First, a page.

What happens when the old renaissance craft of blacksmithing is combined with today’s tools and welding technology? A look at Victoria Ross Patti’s sculptures reveals the delicate balance of the two with curvy embellishments on cold hard steel that has a touch of femininity.
Victoria’s passion for making steel sculptures started after college in her mid-20’s when she was hired as an industrial mechanic for the City of Boulder. Soon after being hired she attended welding classes at the local technical college. Learning how to weld opened up a door that would allow Victoria to express herself through steel. She would stay after work to make steel sculptures from the “bone yard” of left over pump parts. “The pump parts were unique and fun to work with,” Victoria remembers, “but I wanted a more delicate finish on my metal pieces. I needed something more feminine to add to them.” In 1995, she signed up for a 3-week blacksmithing course taught by Frank Turley (a well-known blacksmith) in Santa Fe, NM. She said “It brought me to another level with metal. I was drawn to the fluidity and softness of steel after it comes “alive” in 2000-degree heat.” There she learned how to make her own tools through blacksmithing practices such as forge welding and tempering as well as the delicate scrolls that “finish” her pieces.
Victoria’s inspiration comes from European artist blacksmiths who have had generations of masters moving hot steel into sculptures. Moving metal like clay. As a sculptor working with steel, her goal is to make this rigid substance appear soft and supple, fluid and dynamic. To enable expressions of textures and curves that defy expectations and invite the touch of a hand. Her techniques are a fusion of both the old world and new world of metalsmithing. She continues her research and testing of the steel’s tolerance to heat and manipulation, which usually lead to innovative techniques.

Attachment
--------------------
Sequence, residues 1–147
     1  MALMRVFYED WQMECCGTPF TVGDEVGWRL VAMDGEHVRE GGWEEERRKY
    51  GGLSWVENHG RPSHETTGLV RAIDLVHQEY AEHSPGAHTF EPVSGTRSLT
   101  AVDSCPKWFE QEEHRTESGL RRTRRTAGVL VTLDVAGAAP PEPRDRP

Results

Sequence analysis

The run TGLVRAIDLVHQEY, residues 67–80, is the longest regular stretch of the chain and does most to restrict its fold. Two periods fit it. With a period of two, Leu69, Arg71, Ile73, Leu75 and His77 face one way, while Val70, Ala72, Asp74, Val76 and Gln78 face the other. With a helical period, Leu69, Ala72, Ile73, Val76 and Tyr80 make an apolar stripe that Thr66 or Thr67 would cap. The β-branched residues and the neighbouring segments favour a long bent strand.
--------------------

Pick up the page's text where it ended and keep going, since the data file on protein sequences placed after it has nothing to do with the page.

Colorado public parks and private outdoor settings are common areas where you will find Victoria’s pieces permanently installed for all to enjoy. A few of her pieces have won first place in the People’s Choice award category. She was featured in the Metal Fabricator Magazine, an article titled “Blacksmiths: Women in the industry” in September 2016. She has donated original works to charities and fundraisers locally in Colorado. As a member of the Artist Blacksmith Association of North America (ABANA), she has also been featured in their quarterly magazine the “Anvils Ring”.
She has also founded BlacksmitHerRadio.com, a website and podcast used to draw attention to the world of blacksmithing. She does that through candid, unscripted podcast interviews of female and male blacksmiths around the world.
Why Do I Do It?
I am fascinated with the movement of hot pliable metal. My goal is to make the steel look soft, curvy and sometimes feminine. Steel can be seen as cold, hard, with unmovable character…. until it is heated to 2000 degrees, then it becomes fun and malleable, though still strong to the core. I’m especially drawn to custom sculpture commissions, making a statement piece from someone else’s vision or idea.
How Do You Find Out More?
The best way to learn about my art business, studio updates, and latest designs is to subscribe to my bi-monthly email newsletter.